Chosen for What?

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Parashat Emor (Say)
Vayikra (Leviticus) 21:1-24:3
Haftarah: Ezekiel 44:15-31

The Jewish people are often called God’s “chosen people”. This begs the question, “For what have we been chosen?” The answer: To reveal the God of Abraham, Isaac, & Jacob to the nations through the Jewish Messiah, Yeshua. We are called to be a light to the nations and the only way we can truly do that is through Him.

In Leviticus 20:26, God instructs Israel to be set apart for Him, “So you are to be holy to Me, for I the LORD am holy; and I have singled you out from the peoples to be Mine.” To be called God’s people is a great privilege that comes with a great responsibility. We are called to represent Him on this earth. Yeshua told us in Matthew 5:16: “Your light must shine before people in such a way that they may see your good works, and glorify your Father who is in heaven.” And Rav Shaul (the Apostle Paul) also wrote in 2 Corinthians 5:20a: “Therefore, we are ambassadors for Messiah…”

After God’s call to Israel as a people, we find a specific call to the sons of Aaron, who became the Levitical priests: “Then the LORD said to Moses, “Speak to the priests, the sons of Aaron, and say to them…” (Leviticus 21:1a). It then continues to describe the specific commands which God gave to the priests, which we may find to be much more strict than those which were given to the entire congregation of Israel. Indeed, they were more strict because of a few reasons:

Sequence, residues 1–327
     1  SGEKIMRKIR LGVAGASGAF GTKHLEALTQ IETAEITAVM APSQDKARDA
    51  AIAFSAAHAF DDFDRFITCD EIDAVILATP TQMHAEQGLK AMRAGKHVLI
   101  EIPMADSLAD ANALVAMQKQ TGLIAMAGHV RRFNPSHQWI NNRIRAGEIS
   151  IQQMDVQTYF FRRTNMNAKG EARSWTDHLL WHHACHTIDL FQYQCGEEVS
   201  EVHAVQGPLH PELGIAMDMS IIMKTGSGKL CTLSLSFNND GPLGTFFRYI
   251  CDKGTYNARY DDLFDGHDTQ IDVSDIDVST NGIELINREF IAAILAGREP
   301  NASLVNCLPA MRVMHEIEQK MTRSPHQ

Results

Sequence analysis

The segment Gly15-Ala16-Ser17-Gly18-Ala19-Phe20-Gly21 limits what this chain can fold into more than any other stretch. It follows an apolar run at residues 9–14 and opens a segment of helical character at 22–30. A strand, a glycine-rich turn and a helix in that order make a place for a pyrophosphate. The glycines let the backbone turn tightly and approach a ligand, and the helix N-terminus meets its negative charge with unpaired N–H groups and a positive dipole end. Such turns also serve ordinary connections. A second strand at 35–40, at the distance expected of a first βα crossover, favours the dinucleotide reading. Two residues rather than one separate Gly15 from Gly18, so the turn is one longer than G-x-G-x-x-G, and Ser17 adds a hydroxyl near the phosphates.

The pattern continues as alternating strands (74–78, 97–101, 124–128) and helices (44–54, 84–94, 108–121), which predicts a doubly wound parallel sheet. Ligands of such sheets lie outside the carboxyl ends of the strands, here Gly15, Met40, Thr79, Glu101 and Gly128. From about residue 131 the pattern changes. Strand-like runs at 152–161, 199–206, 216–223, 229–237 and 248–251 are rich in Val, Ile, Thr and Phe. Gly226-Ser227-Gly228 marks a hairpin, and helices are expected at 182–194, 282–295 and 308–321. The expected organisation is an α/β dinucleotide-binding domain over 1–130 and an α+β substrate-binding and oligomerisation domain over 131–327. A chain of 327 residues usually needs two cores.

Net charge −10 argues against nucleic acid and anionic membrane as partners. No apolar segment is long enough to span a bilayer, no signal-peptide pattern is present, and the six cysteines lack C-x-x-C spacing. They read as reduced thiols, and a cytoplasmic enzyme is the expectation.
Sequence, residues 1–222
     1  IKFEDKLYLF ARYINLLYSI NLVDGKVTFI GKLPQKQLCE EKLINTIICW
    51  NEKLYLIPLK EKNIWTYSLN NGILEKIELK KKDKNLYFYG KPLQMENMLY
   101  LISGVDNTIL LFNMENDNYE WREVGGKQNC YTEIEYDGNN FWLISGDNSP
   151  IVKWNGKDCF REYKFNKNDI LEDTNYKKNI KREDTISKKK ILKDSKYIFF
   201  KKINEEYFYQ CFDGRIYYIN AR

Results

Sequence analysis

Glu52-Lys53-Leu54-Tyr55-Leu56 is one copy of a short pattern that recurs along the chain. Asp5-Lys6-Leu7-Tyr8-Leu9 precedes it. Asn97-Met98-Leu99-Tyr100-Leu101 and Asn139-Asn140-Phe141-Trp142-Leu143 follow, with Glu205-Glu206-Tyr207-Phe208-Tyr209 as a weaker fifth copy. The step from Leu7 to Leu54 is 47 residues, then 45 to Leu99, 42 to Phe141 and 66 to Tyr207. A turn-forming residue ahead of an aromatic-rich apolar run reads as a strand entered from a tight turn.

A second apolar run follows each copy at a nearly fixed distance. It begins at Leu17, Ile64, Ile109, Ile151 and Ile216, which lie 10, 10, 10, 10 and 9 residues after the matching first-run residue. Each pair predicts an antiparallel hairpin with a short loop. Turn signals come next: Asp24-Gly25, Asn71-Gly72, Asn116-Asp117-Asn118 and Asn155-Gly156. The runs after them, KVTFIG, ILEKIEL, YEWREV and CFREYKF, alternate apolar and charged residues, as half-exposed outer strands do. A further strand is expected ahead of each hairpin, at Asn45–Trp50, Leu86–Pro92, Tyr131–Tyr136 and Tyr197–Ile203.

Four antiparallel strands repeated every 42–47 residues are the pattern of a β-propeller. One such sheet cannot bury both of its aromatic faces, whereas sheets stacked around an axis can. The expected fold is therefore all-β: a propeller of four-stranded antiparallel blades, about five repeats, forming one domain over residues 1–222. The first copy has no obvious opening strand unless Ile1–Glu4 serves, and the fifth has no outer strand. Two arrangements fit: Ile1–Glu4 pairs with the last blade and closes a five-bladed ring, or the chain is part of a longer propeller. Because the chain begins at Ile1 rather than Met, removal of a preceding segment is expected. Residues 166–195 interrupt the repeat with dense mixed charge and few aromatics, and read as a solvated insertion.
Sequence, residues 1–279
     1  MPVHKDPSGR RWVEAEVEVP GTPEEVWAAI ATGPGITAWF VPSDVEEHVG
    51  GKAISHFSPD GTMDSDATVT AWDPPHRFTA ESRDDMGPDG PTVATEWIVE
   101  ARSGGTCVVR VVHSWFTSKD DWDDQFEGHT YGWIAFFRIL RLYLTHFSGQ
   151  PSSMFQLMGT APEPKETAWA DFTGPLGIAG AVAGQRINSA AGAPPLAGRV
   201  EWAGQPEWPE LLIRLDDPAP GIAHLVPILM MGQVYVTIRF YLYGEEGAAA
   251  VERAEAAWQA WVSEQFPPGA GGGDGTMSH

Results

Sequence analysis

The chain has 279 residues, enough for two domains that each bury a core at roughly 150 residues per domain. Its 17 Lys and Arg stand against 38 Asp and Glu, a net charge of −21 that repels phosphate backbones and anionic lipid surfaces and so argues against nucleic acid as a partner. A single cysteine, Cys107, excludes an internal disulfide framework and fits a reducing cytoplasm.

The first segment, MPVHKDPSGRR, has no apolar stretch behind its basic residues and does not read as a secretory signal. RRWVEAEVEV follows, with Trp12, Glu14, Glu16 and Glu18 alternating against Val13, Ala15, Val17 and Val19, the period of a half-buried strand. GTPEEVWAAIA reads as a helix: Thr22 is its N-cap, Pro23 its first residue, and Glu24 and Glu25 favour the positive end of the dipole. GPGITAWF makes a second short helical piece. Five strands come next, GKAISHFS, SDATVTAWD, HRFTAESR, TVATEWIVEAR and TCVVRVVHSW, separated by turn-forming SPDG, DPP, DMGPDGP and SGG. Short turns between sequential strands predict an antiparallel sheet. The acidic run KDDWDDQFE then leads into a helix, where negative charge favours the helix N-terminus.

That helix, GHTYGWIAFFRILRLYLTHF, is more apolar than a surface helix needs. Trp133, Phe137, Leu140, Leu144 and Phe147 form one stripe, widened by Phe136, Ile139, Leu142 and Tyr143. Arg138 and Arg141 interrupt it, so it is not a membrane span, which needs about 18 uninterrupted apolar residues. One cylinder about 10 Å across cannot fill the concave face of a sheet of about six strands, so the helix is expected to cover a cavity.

• They were called to a higher level of holiness because they were closer to God’s holiness.
  • The priests represent the people before God on one side, and God before the people on the other.
  • They were to set an example of leadership, as people looked up to them and, therefore, were called to higher standards.
  • They were to be a reflection of the highest Priest, Yeshua, who was to come.

At the end of these instructions, we find three key verses that show why the priests' job was so important, not just for God, but also because of the people they served: 

"And you shall keep My commandments and do them; I am the LORD. And you shall not desecrate My holy name, but I will be sanctified among the sons of Israel; I am the LORD who sanctifies you, who brought you out from the land of Egypt, to be your God; I am the LORD.”
Leviticus 22:31–33

In the Haftarah portion from Ezekiel 44:15–31, we find some amazing parallels to the instructions from Leviticus 21 and 22. As we read Ezekiel 44:15–31, we find that the priests were to keep and guard God’s holiness even when the people went astray:

"But the Levitical priests, the sons of Zadok, who kept the charge for My sanctuary when the sons of Israel went astray from Me, shall come near to Me to serve Me; and they shall stand before Me to offer Me the fat and the blood,” declares the Lord GOD. “They shall enter My sanctuary; they shall come near to My table to serve Me and guard the charge I give them.”
Ezekiel 44:15–16

We can see from both the Parashah and Haftarah that God holds those who lead His people to a higher standard. He requires leaders to set an example for the people by the way they live their lives. It is hard to encourage others to live a certain lifestyle when you, yourself, do not.